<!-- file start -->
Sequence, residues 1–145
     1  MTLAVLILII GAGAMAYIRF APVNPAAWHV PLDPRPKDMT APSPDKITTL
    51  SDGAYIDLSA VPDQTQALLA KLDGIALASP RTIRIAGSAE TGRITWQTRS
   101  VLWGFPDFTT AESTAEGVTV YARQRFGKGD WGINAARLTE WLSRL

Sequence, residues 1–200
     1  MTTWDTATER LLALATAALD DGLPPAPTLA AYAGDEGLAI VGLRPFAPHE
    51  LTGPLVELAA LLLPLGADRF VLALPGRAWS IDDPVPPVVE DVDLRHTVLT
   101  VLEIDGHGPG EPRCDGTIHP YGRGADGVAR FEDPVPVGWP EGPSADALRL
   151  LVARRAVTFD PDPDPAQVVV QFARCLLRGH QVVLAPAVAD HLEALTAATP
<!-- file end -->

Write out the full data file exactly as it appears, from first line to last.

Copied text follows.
Sequence, residues 1–145
     1  MTLAVLILII GAGAMAYIRF APVNPAAWHV PLDPRPKDMT APSPDKITTL
    51  SDGAYIDLSA VPDQTQALLA KLDGIALASP RTIRIAGSAE TGRITWQTRS
   101  VLWGFPDFTT AESTAEGVTV YARQRFGKGD WGINAARLTE WLSRL

Sequence, residues 1–200
     1  MTTWDTATER LLALATAALD DGLPPAPTLA AYAGDEGLAI VGLRPFAPHE
    51  LTGPLVELAA LLLPLGADRF VLALPGRAWS IDDPVPPVVE DVDLRHTVLT
   101  VLEIDGHGPG EPRCDGTIHP YGRGADGVAR FEDPVPVGWP EGPSADALRL
   151  LVARRAVTFD PDPDPAQVVV QFARCLLRGH QVVLAPAVAD HLEALTAATP